Canopy trees, like woodland trees, are a fantastic shading option for those with a little more time on their hands. This method is possible in one of two ways. The first option is to get mature woodland trees planted for an immediate canopy barrier. The other option would be to grow them from juvenile trees, but this option obviously takes much longer to see results. If woodland trees already exist on your property, consider moving your current garden or building a new garden under the canopy shade of the trees.
7. Window Boxes
Window boxes are one of our favorite shading methods for our shade-loving house and garden plants. While the window boxes themselves don’t actually provide a ton of shade, you can install them on your north-facing or shaded windows, allowing you to use your house and other fixtures to provide indeed shade for anything you plant in them.
Looking to add both shade and privacy to your backyard area? Consider panelled fencing! You can find panelled fencing options at most big box stores or garden centers, and they are relatively easy to put up yourself. Take it a step further and make it a fun summer DIY project, using salvaged wood or other neat materials to build a unique and stylish shade cover.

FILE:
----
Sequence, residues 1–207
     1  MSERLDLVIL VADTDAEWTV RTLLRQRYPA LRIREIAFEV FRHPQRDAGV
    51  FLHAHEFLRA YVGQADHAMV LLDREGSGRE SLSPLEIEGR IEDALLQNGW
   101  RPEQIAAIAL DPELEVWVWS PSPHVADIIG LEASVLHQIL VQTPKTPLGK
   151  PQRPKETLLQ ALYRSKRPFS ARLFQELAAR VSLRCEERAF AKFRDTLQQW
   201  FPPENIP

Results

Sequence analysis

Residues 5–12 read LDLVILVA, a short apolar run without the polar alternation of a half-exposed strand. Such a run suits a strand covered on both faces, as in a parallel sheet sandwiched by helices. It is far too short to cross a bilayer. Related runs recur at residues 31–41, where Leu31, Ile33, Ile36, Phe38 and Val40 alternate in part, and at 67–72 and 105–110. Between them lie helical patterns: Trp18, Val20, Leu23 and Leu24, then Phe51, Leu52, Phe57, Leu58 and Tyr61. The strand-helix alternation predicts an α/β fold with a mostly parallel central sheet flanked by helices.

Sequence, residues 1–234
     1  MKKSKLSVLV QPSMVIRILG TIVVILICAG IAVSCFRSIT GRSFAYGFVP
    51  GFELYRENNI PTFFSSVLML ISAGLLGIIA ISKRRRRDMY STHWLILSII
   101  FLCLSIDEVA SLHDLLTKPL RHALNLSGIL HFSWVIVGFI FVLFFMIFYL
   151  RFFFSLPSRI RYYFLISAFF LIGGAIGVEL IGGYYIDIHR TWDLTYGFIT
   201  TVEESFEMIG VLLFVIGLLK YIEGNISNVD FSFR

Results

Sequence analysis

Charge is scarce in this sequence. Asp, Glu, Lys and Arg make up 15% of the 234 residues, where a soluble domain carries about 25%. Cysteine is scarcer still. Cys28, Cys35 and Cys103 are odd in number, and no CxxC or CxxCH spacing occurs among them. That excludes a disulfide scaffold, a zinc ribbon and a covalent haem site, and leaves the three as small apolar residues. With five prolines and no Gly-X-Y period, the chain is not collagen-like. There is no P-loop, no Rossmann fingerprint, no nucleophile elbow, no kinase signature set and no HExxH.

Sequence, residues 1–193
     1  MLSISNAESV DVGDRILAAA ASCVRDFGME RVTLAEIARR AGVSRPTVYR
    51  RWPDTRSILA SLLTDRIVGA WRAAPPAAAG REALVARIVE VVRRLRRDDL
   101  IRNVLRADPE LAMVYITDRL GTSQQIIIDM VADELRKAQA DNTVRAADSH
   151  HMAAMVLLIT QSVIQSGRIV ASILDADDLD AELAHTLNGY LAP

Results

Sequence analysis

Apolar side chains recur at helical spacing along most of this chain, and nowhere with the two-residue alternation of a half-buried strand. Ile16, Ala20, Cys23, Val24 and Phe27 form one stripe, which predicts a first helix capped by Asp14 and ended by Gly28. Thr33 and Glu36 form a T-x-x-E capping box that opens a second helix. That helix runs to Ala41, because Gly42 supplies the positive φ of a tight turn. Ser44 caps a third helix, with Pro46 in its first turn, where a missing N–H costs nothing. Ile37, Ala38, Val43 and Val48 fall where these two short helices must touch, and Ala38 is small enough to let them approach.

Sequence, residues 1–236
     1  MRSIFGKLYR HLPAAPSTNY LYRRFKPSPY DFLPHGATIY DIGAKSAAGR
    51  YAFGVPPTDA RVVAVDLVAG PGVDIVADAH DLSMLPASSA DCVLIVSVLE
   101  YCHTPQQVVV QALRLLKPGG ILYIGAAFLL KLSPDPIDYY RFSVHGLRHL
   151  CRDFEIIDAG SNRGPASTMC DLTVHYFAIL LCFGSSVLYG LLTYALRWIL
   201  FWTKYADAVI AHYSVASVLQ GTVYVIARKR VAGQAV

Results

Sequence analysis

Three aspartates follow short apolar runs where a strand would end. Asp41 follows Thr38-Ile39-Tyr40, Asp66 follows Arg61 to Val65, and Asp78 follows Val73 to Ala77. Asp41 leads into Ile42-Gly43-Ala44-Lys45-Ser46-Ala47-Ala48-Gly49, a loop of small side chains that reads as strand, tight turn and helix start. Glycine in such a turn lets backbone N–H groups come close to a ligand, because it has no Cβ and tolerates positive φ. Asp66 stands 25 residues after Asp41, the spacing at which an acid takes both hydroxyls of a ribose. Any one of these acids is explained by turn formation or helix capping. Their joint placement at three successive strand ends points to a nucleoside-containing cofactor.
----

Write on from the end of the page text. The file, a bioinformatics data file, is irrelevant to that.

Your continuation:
9. Vining Plants and Trellis Structure
Another shading method that we love, yet it takes a bit of time to create, is using vining plants to climb and grow over shade structures in your garden. Fast-growing vining plants like wisteria and clematis grow well in most temperate regions (which means they will do well in shade or sun) and are the perfect pairing for this method, as they climb most structures with ease and grow fast enough that you can see shade results in as little as a few weeks.
10. Companion Planting
Companion planting is a gardening method that uses different plants in the same garden to provide benefits to each other. While this is often used for pest control or pollination, it can also be applied to shade. Large, sun-loving plants like oriental lily can provide the necessary shade to your shade-loving plants while also thriving off of the sun they are shielding. A win-win situation for all involved.
How To Make A Shaded Garden
Creating your shade garden can be a fun yet challenging project. It can be hard knowing where to start. But don’t worry. Below you will find the necessary steps to start a shaded garden area.